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Leafy vegetables could help cut the risk of Type 2 diabetes, research suggests.
Eating greens every day such as broccoli, kale, spinach, sprouts and cabbage can reduce your risk of developing the condition by 14 per cent.
The vegetables are rich in antioxidants and magnesium, which has been linked to lower levels of diabetes.
Experts from the University of Leicester examined six studies and compared people's intake of green leafy vegetables.
They found those who consumed more than one serving a day had a lower risk of diabetes than people who barely ate any.
They concluded that eating certain foods could have a protective effect but studies on vitamin supplements had proved 'disappointing'.
The review failed to find any significant benefit from increasing consumption of vegetables in general, fruit, or fruit and vegetables combined.
Nevertheless, the researchers said other studies have shown 'fruit and vegetables are important components of the dietary patterns associated with a decreased risk of Type 2 diabetes' and they contributed to a lower risk of heart disease.
The current UK recommendation is for people to eat five portions of fruit and vegetables a day, with one portion weighing 80g.
The latest study included more than 223,000 people and was published online in the British Medical Journal.
The researchers concluded: 'The results support the growing body of evidence that lifestyle modification is an important factor in the prevention of Type 2 diabetes.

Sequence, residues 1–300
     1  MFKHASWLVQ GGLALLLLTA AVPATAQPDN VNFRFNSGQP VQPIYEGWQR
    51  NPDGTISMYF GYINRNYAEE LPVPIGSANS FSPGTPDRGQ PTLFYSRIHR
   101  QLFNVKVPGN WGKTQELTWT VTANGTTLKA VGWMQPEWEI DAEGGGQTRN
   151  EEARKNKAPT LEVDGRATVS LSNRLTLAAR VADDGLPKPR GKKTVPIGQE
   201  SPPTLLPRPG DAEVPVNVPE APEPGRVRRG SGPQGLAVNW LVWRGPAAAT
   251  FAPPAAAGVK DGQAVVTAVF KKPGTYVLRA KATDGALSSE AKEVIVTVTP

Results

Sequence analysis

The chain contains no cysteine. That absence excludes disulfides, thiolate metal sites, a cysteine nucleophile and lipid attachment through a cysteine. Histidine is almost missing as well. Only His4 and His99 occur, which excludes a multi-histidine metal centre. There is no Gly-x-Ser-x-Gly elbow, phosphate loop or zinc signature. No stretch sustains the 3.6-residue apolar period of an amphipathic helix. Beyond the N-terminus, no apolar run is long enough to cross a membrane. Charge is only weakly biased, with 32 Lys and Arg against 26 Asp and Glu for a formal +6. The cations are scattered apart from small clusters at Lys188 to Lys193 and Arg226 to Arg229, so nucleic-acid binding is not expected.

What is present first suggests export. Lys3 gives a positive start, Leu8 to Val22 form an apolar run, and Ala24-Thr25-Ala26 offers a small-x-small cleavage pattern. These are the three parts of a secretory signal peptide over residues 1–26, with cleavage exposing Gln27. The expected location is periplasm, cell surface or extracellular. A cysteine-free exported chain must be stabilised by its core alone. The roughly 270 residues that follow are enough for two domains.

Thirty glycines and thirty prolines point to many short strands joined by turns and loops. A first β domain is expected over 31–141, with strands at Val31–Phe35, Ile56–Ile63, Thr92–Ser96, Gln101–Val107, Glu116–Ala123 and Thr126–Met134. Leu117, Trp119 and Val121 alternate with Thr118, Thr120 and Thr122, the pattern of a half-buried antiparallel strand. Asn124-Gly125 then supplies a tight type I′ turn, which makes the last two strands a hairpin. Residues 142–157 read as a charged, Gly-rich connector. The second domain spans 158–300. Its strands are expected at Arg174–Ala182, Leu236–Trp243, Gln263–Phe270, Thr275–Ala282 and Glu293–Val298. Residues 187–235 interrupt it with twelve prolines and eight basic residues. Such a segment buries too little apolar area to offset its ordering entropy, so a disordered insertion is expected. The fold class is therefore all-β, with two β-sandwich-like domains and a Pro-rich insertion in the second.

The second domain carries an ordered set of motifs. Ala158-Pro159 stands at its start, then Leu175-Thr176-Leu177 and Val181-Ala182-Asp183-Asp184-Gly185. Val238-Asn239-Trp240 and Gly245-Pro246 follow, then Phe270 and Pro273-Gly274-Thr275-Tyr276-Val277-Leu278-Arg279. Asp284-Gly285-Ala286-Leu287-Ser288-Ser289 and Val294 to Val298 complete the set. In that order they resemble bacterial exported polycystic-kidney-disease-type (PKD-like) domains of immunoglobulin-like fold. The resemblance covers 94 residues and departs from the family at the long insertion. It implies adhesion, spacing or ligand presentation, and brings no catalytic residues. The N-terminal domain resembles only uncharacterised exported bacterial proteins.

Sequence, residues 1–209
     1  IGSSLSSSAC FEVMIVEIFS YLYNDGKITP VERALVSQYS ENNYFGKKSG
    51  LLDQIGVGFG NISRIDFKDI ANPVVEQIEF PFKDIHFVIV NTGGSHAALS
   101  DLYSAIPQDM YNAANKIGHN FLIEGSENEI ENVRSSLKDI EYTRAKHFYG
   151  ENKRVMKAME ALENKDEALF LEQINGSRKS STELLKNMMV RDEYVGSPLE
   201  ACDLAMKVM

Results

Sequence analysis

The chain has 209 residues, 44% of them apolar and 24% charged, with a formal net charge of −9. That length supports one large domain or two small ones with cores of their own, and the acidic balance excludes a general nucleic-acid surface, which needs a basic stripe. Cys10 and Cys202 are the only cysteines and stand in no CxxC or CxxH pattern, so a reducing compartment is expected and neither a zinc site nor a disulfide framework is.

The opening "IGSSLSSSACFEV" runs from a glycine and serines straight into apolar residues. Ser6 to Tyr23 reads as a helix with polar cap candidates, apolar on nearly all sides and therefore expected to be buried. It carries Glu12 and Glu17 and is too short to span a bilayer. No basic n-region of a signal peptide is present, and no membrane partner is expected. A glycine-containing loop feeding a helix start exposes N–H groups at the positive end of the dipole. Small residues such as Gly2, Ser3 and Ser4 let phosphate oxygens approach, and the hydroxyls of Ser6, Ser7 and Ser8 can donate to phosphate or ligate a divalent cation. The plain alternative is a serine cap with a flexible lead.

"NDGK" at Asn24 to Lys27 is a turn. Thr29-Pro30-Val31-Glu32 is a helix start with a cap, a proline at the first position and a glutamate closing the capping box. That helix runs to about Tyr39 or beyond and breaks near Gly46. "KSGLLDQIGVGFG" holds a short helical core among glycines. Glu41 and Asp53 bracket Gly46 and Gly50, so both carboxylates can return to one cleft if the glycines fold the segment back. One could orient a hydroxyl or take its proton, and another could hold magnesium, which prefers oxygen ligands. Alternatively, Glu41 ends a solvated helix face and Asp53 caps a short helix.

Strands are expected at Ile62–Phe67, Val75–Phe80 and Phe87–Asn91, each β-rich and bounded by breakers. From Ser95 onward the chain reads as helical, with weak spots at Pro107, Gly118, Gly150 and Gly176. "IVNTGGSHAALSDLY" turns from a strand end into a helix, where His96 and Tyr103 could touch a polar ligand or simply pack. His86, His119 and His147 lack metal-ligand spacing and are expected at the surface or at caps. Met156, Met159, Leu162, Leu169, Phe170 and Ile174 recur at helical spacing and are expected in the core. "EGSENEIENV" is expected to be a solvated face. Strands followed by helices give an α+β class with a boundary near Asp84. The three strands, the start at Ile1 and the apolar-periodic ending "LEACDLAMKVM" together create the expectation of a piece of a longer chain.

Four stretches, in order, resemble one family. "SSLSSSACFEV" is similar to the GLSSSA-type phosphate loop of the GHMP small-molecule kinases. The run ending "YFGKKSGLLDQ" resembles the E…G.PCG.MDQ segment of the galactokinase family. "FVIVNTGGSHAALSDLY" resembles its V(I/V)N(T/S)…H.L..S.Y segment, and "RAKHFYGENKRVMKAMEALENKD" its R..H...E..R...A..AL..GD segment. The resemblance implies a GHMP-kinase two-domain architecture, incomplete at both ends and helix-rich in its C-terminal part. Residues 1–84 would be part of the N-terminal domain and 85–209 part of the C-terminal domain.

'The potential for tailored advice on increasing intake of green leafy vegetables to reduce the risk of Type 2 diabetes should be investigated further.'
Dr Iain Frame, director of research at Diabetes UK, said: 'We already know that the health benefits of eating vegetables are far-reaching but this is the first time that there has been a suggested link specifically between green, leafy vegetables and a reduced risk of developing Type 2 diabetes.
'However, because of the relatively limited number of studies collated in this analysis, it is too early to isolate green leafy vegetables and present them alone as a method to reduce the risk of developing Type 2 diabetes.
'Diabetes is a serious condition that can lead to devastating complications such as amputation, heart disease and stroke if untreated.'
There are 2.35 million people diagnosed with Type 2 diabetes in the UK. Up to half a million people also have the condition but do not know it.
Diabetes UK is currently funding research into whether fermentable carbohydrates found in foods such as asparagus, garlic, chicory and Jerusalem artichokes could help weight loss and prevent Type 2 diabetes.
It is thought the carbohydrates cause the release of gut hormones which reduce appetite and enhance insulin sensitivity, thereby leading to improved blood glucose control and weight loss.
The research is being led by dietician Nicola Guess at Imperial College, London.
She said: 'By investigating how appetite and blood glucose levels are regulated in people at high risk of Type 2 diabetes, it is hoped that we can find a way to prevent its onset.
'If successful, this study will be able to determine whether fermentable carbohydrates could provide the public with an effective and affordable health intervention to reduce an individual's risk of developing diabetes.'